In the growing twilight, two dozen plump deer are grazing at the far edge of a meadow. Suddenly they look up, alert. Two humans are sneaking along the edge of the forest pretending to stalk the deer, playing a game of predator and prey.
Welcome to Wild Earth. What started as a one-week campout on Vancouver Island in 1999 has grown to include more than 800 people and 75 workshops on tree-sitting techniques, blockade tactics, indigenous rights and campaigns, herbal first aid, green anarchy, and more. Operating on a shoestring budget -- in some years, no budget at all -- a few volunteers put on an event that participants call “amazing.”
The Wild Earth Rendezvous, set for the first week of June, is similar to activist training camps hosted by the Ruckus Society and Rainforest Action Network, but with a do-it-yourself flavor. The gathering is close to endangered old-growth forests but far from the nearest paved road, in a low-impact wilderness camp. (Folks bring their own tents.) Volunteers prepare vegetarian meals for everyone to share. All kinds of people swap stories at night around the campfire: native and non-native environmentalists, anarchists, liberals, grizzled old campaigners and eager young newcomers. Everyone gets the chance to plot the next forest defense action, which is typically just a short drive up the road.
Wild Earth 2006 was held at Newcastle Island Provincial Park, which is managed by the Snuneymuxw First Nation. It’s not a wilderness site, although most of the island is old-growth forest. Wild Earthlings met with the staff ahead of time and reserved a large group campsite and the barn-like pavilion for the rendezvous and the BC Environmental Network’s annual members meeting. The Snuneymuxw folks were happy to meet with us and pleased we’d chosen the park for the action training.
The government, however, was not pleased at all. The local Ministry of the Environment office got a tip from an anti-environmental informer about the upcoming rendezvous. The bureaucrat in charge laid into us with a series of harsh emails and stern phone calls. He threatened to evict the group from the park if we climbed a single tree or picked one edible plant. A huge diplomatic effort was required to convince him the gathering was non-commercial and wouldn’t harm the environment. (It was hard keeping a straight face during some of these discussions, since the same Ministry presides over clearcuts, mining, and all kinds of commercial mayhem.)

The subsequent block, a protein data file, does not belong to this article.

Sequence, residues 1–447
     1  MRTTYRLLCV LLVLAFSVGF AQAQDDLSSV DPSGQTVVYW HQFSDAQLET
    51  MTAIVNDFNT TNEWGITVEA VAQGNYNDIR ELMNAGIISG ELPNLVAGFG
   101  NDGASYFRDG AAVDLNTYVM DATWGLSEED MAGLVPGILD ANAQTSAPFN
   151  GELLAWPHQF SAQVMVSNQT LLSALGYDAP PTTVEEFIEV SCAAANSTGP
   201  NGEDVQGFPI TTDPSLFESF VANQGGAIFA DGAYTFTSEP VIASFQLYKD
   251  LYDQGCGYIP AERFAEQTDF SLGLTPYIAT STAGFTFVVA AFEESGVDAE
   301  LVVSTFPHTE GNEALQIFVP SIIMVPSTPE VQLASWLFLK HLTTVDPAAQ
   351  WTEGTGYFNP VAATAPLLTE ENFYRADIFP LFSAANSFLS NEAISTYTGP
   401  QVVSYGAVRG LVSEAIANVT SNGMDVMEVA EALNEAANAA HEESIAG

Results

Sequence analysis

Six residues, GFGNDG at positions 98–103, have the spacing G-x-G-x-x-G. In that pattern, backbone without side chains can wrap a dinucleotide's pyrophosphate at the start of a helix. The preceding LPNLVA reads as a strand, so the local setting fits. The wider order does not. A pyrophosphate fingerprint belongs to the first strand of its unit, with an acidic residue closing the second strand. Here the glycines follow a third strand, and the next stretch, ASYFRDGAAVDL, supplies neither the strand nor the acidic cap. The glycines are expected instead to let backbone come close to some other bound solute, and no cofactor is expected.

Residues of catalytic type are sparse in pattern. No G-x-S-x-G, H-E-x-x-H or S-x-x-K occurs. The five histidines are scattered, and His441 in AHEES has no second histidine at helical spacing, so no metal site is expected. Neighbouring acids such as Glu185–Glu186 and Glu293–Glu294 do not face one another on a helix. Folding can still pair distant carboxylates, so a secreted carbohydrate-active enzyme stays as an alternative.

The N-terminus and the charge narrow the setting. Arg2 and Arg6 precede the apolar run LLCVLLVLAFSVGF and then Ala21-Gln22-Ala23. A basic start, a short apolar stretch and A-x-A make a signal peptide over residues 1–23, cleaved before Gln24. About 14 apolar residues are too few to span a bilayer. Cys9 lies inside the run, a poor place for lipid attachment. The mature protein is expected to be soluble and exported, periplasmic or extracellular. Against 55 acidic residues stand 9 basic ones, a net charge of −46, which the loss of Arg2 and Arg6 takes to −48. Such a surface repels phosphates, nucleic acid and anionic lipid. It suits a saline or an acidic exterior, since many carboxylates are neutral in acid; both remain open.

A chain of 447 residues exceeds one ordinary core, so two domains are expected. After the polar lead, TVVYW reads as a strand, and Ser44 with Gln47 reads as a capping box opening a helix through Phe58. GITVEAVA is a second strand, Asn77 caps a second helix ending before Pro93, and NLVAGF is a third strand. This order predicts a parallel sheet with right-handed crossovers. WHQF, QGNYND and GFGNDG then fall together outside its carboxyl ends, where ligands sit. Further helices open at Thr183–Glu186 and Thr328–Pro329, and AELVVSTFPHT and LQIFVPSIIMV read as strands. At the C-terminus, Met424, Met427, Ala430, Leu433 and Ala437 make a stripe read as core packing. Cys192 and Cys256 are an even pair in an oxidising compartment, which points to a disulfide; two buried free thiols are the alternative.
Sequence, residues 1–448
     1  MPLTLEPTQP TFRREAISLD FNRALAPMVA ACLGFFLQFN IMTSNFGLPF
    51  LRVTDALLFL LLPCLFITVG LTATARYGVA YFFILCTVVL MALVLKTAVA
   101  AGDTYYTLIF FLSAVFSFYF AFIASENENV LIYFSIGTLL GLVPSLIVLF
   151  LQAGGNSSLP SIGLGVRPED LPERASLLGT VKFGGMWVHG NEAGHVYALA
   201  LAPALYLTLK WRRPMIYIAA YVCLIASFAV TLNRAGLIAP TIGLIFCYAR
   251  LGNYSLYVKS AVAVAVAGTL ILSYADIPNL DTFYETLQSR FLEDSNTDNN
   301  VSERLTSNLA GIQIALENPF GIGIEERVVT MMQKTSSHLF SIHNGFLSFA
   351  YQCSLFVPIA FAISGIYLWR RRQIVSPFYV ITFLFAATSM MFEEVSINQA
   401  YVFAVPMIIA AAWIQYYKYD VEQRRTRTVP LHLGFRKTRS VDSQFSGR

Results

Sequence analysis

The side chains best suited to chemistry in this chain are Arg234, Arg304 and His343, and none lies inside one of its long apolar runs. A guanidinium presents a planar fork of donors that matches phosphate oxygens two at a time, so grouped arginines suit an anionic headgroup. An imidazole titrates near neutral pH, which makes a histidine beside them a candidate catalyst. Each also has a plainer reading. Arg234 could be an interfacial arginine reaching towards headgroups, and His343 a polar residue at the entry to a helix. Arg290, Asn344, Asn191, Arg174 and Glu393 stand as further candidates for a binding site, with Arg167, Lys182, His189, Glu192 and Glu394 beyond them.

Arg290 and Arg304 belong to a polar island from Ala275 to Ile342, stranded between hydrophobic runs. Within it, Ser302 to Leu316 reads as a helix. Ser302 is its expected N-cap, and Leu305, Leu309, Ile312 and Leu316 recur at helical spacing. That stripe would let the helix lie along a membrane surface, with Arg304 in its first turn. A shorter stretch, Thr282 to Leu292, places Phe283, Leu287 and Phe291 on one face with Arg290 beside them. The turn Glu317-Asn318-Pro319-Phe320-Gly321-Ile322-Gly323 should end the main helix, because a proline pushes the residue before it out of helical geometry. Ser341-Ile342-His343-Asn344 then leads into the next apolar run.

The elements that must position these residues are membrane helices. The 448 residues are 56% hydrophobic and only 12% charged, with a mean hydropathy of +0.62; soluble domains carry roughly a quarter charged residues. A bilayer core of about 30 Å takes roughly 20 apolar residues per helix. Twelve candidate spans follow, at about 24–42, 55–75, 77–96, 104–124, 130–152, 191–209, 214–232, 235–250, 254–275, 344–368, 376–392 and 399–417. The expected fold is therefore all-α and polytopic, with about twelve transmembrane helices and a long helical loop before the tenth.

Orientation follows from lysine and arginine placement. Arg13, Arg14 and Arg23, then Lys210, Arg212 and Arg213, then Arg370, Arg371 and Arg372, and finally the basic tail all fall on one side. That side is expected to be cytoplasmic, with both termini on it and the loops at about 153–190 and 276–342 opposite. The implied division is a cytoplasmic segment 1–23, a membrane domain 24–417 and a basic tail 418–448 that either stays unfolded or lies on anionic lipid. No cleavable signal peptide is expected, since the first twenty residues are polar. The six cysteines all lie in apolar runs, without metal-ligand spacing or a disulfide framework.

The climbing trainers from Oregon faced a tougher adversary: Canadian border guards. It seems the customs service has a problem with activists coming to visit, and the Oregonians’ attempts to negotiate their way in failed. The crew was forced to turn back. Fortunately, Canadian climbers came to the rescue and filled in for the missing Americans. The tree climbing training went ahead as scheduled.
This summer’s gathering is June 1st through 7th, somewhere in BC. Twenty grassroots environmentalists have already signed on, and leading the pack is Earth First! co-founder Mike Roselle. Mike agreed to give a special presentation about direct action -- but he also faces the hurdle of the Canadian border. Mike’s been arrested more times than he can count, and the immigration lawyer he hired says getting into Canada may be impossible. The Wild Earthlings haven’t given up on him though, and the legal maneuverings continue.
Chief Qwatsinas (Ed Moody), a hereditary leader of the Nuxalk Nation in Bella Coola, will deliver a special report on the Great Bear Rainforest and indigenous rights. Qwatsinas and the House of Smayusta, Nuxalk traditionalists, have led blockades and actions to press for rainforest protection since 1997, but they do not support last year’s Great Bear Rainforest agreement. “It’s talk and log,” says Qwatsinas.
Those of us living in BC are blessed with magnificence: old-growth cedars dipping curved limbs into the ocean, mammoth Douglas firs big as cathedrals, grey whales basking in the warm shallows. We also get to watch it all go down. Clearcuts, mudslides, floods, drought, wildfires, rising seas -- it’s all here. The government and major enviro groups say “the war in the woods” is over, thanks to compromise deals in the Great Bear Rainforest and Clayoquot Sound. But their press releases don’t mention that chainsaws are rapidly leveling the forests that were left out of the protection zones. Indigenous land rights are disregarded as the province plays legal games with land transfers, development, and mining at the expense of wildlife and fish habitat.
The Wild Earthlings know that grassroots direct action levels the playing field. People working together can stop business as usual on stolen land. Forest defense consists of dozens of different tactics and strategies in tandem, and we’re here to make sure folks can use every tool in the box.
For one week a year, Wild Earth creates an activist community based on unity and solidarity where eco-defenders can make connections and alliances for the future.
Zoe Blunt is an Earth First! contact in western Canada. She also writes for Guerrilla News Network and Lowbagger.
Workshops for Wild Earth
Plus a special event:
Volunteer presenters needed
Volunteers also needed
A sliding-scale donation is encouraged for the week-long camp. Travel scholarships may be available for presenters. Suggestions, ideas and questions are welcome -- email firstname.lastname@example.org. More info, history and photos are on the Wild Earth blog.